Subsistence and Commercial Activities, The Chiriguano were traditionally horticulturists and hunter-gatherers. They incorporated new methods of cultivation from the Chane. The Ava Chiriguano are settled in a rich agricultural area, although water is scarce. The Izoceño inhabit an arid region of the Gran Chaco, where strong winds, erosion, and a lack of water hinder agricultural production. The former inhabitants of the region, the Chane, developed a system of irrigation, digging canals up to 5 kilometers long from the river to the fields, thus providing a source of water to improve productivity. Nowadays the Chiriguano practice swidden agriculture and complement their diet with fishing during the rainy season and hunting. Fruit collecting, which was an important source of food, has diminished in certain communities as a result of cultural and ecological changes. The most important crops are maize, beans, and squash, which constitute the basis of the Chiriguano diet. Other plants, such as sweet potatoes and manioc, complement the diet. Vegetables such as tomatoes, cabbage, lettuce, and onions have been introduced through contact with the missionaries, White settlers, and development agencies. The Chiriguano also raise chickens, turkeys, sheep, and goats.
Since the beginning of the nineteenth century the Chiriguano have migrated in search of work, which they could not find in their homeland. Hundreds of Chiriguano families migrated to northern Argentina to work on the farms and sugarcane plantations. This migration, which constitutes an important aspect of their society, has produced numerous changes in the culture. Because of the economic crisis in Argentina, the Chiriguano do not migrate there anymore, but to the cotton and sugarcane harvest near Santa Cruz de la Sierra and to northern Bolivia for work in the timber mills. These temporary migrations, which in some cases last up to six months, have produced a deterioration in local agricultural production. Nongovernmental development agencies have been implementing development projects to revitalize agriculture and allow people to obtain a source of income in their communities without having to migrate or depend upon patrones (employers).
Industrial Arts. Aboriginal crafts included basket weaving, pottery, and loom weaving. Today, weaving of fishing nets and bags persists and loom weaving of hammocks, ponchos, and handbags constitutes an important source of income for many women. Chiriguano weaving, especially that in the Izozo region, is well known for its quality and designs.
Trade. Precolonial trade was maintained between the Chiriguano and other ethnic groups. During the fifteenth and sixteenth centuries the Chane served as intermediaries to the Guaraní, trading metal objects made in the highlands. Until the 1940s trade continued to take place between different groups. The Izoceño would trade their weavings to the Ava in exchange for corn. Cheese and salt were important tradegoods.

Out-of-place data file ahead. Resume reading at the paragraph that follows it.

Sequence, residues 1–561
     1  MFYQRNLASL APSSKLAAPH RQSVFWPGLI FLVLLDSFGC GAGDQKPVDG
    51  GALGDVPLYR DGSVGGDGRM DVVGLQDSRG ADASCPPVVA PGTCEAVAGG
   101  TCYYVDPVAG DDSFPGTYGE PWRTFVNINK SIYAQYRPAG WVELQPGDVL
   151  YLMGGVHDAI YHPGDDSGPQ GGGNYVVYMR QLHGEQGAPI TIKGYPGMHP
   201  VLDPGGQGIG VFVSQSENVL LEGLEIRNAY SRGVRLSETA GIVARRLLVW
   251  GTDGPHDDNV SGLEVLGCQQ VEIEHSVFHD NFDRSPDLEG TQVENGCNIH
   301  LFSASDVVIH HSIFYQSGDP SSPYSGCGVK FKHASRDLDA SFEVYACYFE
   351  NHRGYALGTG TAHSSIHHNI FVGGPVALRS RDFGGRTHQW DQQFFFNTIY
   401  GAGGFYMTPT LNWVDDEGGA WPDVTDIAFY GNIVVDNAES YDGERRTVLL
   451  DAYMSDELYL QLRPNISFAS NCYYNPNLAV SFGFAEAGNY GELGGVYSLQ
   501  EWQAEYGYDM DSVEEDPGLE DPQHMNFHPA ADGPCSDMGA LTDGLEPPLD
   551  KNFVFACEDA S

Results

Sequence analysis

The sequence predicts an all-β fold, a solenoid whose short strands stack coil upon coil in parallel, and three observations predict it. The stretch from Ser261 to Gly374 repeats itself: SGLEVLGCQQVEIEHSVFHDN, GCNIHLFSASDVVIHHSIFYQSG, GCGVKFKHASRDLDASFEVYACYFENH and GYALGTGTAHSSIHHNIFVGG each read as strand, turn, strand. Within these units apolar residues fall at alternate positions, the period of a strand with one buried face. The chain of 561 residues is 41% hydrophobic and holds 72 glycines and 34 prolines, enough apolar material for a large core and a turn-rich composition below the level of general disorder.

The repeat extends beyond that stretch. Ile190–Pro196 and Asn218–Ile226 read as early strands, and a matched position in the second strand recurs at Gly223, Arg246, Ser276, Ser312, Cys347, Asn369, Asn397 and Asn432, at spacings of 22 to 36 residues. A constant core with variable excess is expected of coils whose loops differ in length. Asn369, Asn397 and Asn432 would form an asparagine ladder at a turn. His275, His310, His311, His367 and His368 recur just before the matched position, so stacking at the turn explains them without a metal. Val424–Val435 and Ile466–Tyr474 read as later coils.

Division of Labor. Women attend to household chores; in the fields they do the harvesting and planting of beans, squash, and watermelon. Men are responsible for hunting, fishing (women also participate in fishing but to a smaller degree), and clearing, burning, and planting of the fields. Women prepare food, raise the children, and weave. In some Ava communities women participate more actively in agricultural tasks. When a Chiriguano family migrates, the men and the male children work the fields. Women usually stay at home engaging in household activities.
Land Tenure. After contact Chiriguano territory was reduced, and since then there has been constant conflict over the right to obtain land titles, which the Chiriguano have struggled for a long time to obtain. They have gone to the capital of Bolivia in epic walks, hoping to impel officials to initiate the paperwork. Land titles were obtained for some communities—the agrarian reform of 1952 helped to some degree, but it has been manipulated and incorrectly implemented. This, together with the difficult ecological conditions and reduced access to roads and transporation, has caused the Chiriguano to lose some of their good lands. Most Izoceño communities have obtained communal land titles, whereas the Ava and Simba communities are still struggling with government bureaucracies. In northern Argentina most communities are under the jurisdiction of the missions and are involved in obtaining land titles.
Kin Groups and Descent. Chiriguano society was based on the principle of an exogamous patrilineage living in a maloca (the smallest settlement unit). Each lineage held and allocated lands, maintained a system of alliances, regulated marriage, established reciprocity, and controlled conflict among lineage members. After colonial times uxorilocality replaced virilocality; patrilineality was maintained and villages continued to be constituted by extended-family groups.